The law also recognizes the fundamental right of the parent to make choices about their child’s education and upbringing, and homeschooling is a valid legal option in all 50 states. For lawmakers to correlate instances like the Turpins, where child abusers are also homeschoolers, is to manufacture a problem looking for a solution. The data is insufficient to make that correlation a legitimate argument that homeschooling is the causal factor precipitating abuse.
Further, these types of proposed “solutions” pose a myriad of constitutional problems. First, it treats homeschool families as suspect child abusers without any legitimate legal basis. It is similar to requiring all drivers to undergo a breath or blood test to prove they are not under the influence simply because they chose to exercise a valid legal option of driving.
The Constitution requires the government to have probable cause before any test, and the burden is always on the government to prove their case, not for an individual to waive the presumption of innocence simply because they chose to drive. Parents who choose to “drive” in the homeschool lane constitutionally must have all of the same rights and protections as parents who choose to “drive” in the traditional public school lane.
Second, this would unconstitutionally force warrantless searches within the privacy of a family dwelling and subjects compelled testimony from children that is expressly for the purposes of potential future litigation. Imagine if the government could label any category of parent as alleged child abusers and thus treat the parents as suspect. What if your choice as a parent to raise your children in California suddenly meant the government could invade your home and look for evidence you might be a child abuser simply because the Turpins also resided in California?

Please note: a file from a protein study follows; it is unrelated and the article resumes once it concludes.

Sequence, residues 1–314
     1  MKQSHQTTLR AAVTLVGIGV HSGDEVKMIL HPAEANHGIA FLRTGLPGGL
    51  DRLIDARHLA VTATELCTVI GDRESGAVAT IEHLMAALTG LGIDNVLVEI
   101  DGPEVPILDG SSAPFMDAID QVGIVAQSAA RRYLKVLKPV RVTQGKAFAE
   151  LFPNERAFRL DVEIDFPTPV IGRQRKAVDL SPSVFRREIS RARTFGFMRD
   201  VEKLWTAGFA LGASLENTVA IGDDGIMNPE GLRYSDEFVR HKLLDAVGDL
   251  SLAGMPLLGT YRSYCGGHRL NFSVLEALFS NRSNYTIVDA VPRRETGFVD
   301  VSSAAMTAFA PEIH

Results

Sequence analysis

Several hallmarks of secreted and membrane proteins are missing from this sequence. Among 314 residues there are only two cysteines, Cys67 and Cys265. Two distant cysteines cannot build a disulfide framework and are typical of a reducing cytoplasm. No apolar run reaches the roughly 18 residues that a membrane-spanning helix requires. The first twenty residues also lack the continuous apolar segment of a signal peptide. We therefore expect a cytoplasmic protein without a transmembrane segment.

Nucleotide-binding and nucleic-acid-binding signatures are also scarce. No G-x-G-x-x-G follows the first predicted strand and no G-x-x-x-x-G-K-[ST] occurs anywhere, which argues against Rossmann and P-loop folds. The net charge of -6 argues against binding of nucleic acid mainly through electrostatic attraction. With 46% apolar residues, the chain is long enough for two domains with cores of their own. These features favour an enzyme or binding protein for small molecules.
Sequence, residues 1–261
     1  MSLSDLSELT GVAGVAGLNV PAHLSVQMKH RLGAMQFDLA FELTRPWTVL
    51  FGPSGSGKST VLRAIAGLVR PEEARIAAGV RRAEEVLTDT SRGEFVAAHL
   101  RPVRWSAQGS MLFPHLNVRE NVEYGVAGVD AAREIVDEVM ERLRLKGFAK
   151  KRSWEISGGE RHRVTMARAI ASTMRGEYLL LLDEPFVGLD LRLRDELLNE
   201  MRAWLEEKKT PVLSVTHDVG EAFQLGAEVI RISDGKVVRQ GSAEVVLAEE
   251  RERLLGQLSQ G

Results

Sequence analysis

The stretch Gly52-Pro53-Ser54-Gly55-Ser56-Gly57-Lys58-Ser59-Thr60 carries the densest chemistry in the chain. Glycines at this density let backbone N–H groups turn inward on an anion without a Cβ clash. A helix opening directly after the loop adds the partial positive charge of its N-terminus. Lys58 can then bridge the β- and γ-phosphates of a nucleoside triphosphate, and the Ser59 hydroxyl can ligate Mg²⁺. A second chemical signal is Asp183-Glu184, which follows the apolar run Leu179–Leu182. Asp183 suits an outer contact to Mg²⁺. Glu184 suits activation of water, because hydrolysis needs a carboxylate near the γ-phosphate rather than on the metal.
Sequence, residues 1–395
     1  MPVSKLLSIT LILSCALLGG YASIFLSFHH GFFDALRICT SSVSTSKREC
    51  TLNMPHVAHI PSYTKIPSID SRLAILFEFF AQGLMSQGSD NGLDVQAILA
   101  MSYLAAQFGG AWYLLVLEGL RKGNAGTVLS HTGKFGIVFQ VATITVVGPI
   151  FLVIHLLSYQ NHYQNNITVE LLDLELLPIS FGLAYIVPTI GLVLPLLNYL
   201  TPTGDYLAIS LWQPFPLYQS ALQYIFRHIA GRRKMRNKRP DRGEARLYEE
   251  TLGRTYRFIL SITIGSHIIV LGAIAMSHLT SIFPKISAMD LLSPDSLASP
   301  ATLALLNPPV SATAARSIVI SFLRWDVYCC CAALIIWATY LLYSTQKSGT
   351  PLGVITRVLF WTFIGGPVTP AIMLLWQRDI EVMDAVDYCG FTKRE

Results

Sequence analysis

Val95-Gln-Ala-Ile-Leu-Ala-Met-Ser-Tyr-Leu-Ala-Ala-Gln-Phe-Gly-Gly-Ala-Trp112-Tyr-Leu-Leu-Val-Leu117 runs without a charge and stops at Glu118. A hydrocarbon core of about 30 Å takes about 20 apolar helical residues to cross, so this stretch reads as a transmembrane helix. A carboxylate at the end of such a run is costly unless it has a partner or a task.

There was no clear definition of what “health and safety” meant in the context of the checks, nor did the measure advance any constitutional basis for such a search.
Homeschool Legal Defense Association President Mike Smith said in a message last week to members and friends of the organization, “These efforts incorrectly assume that homeschooling is the problem here. Hasty legislation based on horrific and criminal behavior — behavior that has nothing to do with homeschooling — would be unfair to the thousands of law-abiding families in California who work hard to provide a safe and loving environment for their children.”
Child abuse does happen, and it is a terrible thing. But we have to be very careful not to overreact and presume all parents are child abusers. They aren’t. We must preserve the presumption of innocence and constitutional protections for every family and parent in the context of school choice and in all areas of parental rights.
Jenna Ellis (@jennaellisorg) is a contributor to the Washington Examiner’s Beltway Confidential blog. She is an attorney and professor of constitutional law at Colorado Christian University, fellow at the Centennial Institute, radio show host in Denver, Colo., and the author of the Legal Basis for a Moral Constitution.